You’ll never find beef on the menu as cows are considered sacred and kept for milking only. Pork is also less common because of the Muslim beliefs about the pig being a dirty animal. The meat you will find in non-veg restaurants will be most likely chicken, lamb or goat.

If you are white, tall or blonde at some point during your time in India you will most likely be asked for a selfie. It can make you feel like a film star at times and annoyed at other times. Love it or hate it, a lot of Indians just aren’t used to seeing foreigners and therefore you’ll need to get used to being stared at. A lot. As a female, have your wits about you, sometimes selfies frustratingly encouraged ‘unwanted touching’.

Indian people generally dress conservatively, especially the women. Ladies, I feel for you as you need to cover up your legs and shoulders and it’s very hot. However, it’s much better to dress in line with the locals as a sign of respect and to avoid unwanted attention. Maxi dresses or long pants are ideal.

The good:

One of the appeals of travelling in India is the cultural experience you can get for your money. The cost of living is very low in comparison to the U.K. For example, a decent size meal can cost between 30p to £4. Accommodation for a private double room with an ensuite and air conditioning cost between £10-£20 per night. Buses were inexpensive and trains were reasonable (the rate dependent on the class).

You can see so much fascinating wildlife and stunning landscapes in India. Periyar National Park in Kerala was very picturesque with wild elephants roaming around. Ranthambhore National Park was great for spotting Bengal tigers. The Indian peafowl or peacock is India’s national bird and we saw plenty during our travels.

There was much less Western tourists in India compared to South East Asia for example. You certainly get the local experience.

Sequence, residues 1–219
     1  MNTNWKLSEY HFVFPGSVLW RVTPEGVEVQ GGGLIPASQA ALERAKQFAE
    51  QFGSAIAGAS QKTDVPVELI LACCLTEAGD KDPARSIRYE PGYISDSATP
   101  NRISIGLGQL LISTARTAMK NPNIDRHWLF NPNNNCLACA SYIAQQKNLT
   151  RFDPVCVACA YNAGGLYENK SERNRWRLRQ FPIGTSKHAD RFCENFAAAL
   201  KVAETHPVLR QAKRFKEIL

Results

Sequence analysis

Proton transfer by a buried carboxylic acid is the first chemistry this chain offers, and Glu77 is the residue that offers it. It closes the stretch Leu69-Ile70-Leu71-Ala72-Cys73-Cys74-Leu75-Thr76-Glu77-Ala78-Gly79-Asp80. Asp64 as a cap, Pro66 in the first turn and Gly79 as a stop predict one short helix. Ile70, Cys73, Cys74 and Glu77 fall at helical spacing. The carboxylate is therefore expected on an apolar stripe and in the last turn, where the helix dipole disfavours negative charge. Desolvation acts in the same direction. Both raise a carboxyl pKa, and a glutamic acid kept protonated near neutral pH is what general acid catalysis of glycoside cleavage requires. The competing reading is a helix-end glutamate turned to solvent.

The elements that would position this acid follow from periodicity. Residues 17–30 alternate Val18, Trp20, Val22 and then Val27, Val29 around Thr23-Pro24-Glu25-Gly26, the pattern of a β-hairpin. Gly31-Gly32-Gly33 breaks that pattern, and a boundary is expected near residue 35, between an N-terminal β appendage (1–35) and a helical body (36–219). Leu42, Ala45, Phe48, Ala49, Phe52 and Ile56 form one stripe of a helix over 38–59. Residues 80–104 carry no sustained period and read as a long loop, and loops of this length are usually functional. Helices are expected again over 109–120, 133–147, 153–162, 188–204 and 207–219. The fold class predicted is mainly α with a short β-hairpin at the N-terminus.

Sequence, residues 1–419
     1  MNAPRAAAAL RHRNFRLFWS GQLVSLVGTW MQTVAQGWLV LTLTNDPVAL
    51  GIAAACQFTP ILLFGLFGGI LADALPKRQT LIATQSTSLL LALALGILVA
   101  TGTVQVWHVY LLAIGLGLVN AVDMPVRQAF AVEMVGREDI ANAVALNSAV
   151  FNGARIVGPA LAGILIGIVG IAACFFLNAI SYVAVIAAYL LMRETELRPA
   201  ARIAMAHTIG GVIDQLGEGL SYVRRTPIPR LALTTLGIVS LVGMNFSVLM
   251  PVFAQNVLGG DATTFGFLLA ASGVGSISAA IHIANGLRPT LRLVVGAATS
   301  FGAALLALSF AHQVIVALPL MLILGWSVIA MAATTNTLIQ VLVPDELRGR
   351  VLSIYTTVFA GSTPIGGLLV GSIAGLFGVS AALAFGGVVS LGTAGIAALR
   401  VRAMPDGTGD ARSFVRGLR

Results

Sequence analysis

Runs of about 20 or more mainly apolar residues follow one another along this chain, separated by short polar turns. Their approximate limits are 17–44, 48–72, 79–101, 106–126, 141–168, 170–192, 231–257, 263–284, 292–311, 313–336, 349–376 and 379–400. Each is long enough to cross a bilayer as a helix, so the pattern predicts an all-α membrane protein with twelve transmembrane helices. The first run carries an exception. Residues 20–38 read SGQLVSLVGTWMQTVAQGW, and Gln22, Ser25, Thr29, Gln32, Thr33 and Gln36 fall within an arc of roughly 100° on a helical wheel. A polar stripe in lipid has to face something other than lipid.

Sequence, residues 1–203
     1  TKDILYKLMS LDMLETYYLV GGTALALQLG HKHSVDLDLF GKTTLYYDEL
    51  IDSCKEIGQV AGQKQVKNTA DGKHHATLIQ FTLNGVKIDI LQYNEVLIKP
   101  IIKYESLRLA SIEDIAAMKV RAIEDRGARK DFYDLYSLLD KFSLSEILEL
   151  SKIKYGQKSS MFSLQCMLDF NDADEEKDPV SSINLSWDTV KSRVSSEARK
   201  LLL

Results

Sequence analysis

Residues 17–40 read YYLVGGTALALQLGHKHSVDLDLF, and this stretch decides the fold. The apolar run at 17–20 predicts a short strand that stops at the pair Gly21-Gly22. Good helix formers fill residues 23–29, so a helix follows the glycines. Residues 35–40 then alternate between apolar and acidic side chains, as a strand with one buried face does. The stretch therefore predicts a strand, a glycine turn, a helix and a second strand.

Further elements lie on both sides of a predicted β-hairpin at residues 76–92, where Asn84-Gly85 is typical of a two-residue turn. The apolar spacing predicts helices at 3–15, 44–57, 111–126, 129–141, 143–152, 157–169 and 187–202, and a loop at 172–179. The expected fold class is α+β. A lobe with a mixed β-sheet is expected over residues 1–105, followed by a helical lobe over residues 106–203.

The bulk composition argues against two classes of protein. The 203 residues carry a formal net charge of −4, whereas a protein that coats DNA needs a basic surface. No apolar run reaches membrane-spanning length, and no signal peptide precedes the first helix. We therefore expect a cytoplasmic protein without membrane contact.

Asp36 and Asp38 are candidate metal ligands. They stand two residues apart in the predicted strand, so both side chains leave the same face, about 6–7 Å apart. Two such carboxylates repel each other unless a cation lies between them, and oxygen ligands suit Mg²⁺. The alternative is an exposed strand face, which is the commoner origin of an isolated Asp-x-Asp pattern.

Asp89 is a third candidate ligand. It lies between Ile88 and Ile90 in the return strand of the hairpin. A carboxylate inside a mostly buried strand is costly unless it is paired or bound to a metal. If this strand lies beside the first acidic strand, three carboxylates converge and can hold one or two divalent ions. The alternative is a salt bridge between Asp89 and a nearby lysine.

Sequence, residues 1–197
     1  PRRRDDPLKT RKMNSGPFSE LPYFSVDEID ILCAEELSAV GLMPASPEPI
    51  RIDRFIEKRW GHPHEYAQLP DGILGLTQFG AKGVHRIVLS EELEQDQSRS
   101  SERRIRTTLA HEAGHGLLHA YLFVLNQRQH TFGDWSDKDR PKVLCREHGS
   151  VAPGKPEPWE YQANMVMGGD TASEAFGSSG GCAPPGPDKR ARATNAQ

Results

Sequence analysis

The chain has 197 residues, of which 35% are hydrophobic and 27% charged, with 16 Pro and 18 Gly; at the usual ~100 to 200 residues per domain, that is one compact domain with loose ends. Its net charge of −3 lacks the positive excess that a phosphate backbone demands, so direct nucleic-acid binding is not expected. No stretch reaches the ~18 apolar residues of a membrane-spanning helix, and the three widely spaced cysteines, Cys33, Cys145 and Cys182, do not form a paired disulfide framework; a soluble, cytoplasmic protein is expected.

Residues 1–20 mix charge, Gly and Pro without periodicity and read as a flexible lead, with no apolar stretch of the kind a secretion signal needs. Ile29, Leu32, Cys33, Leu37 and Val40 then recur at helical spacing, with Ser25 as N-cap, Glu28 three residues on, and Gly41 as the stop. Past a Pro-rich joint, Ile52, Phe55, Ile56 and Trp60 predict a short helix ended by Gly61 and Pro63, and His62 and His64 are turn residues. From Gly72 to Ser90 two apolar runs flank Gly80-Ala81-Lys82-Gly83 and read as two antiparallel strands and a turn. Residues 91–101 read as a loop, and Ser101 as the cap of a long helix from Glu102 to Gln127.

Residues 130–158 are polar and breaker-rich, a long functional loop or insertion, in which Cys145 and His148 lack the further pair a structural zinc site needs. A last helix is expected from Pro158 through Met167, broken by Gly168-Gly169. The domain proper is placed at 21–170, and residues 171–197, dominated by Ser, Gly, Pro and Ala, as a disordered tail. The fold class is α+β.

The food is amazing. Particularly the breads and curries. Trying the food and snacks from different regions of India was one of our highlights as they were so different! Delhi belly is a reality though so best to eat at reputable restaurants or street food vendors where you see them cooking the food in front of you. We stayed away from meat a lot of the time and didn’t touch salads or fruit unless you could peel the skin like oranges and bananas. The water is definitely not drinkable, we wouldn’t even advise using it to brush your teeth!

Not to stereotype, but we found the Indian people to always be so smiley and friendly. Even if it was broken English or using hand signs because they spoke no English at all, we found their hospitality to be second to none.

The bad:

If you arrive in Delhi or another big city in India, it’s unlikely you’ll avoid witnessing poverty in India. It can be really hard to stomach the scale of it and seeing so many old, young, men, women and children sleeping on the streets.

It is not uncommon to see cows, pigs, goats, dogs and cats walk freely amongst the streets. The sad part, is that unfortunately a lot of these animals look malnourished and are often seen near or on piles of rubbish on the side of the street. I watched one cow gobble up 10 plastic cups, it was pretty awful to watch. The stray dogs and cats are often wounded and flea-infested.

Not necessarily a bad thing but something to get used to – foreigners pay more for things. Generally Indian states have a local rate and a higher foreigner rate for all of the forts, palaces and sights requiring a ticket to enter. The same can be said for tuk-tuks and buses. Sometimes as a foreigner you will be stopped and charged to enter free places of worship too. Normally you just have to suck it up and pay it. The only time you can negotiate is with tuk-tuk drivers. An Indian man told me, “when they see white people, they see money”, meaning many Indian people believe white people are rich. It helps if you have a rough idea of how much you should be paying for something.

Gender equality hasn’t quite reached the same level as western countries. I know in some areas there is gender equality (from working with Indian women in the U.K.) but we still felt there seemed to be a strong perception of women staying at home and raising children. There were times when Indian men would speak to Jonny and would ignore me when I spoke. The question I would get asked most commonly was “Do you have any children? Why not?”. We even saw some restaurants advertised as ‘women-friendly’.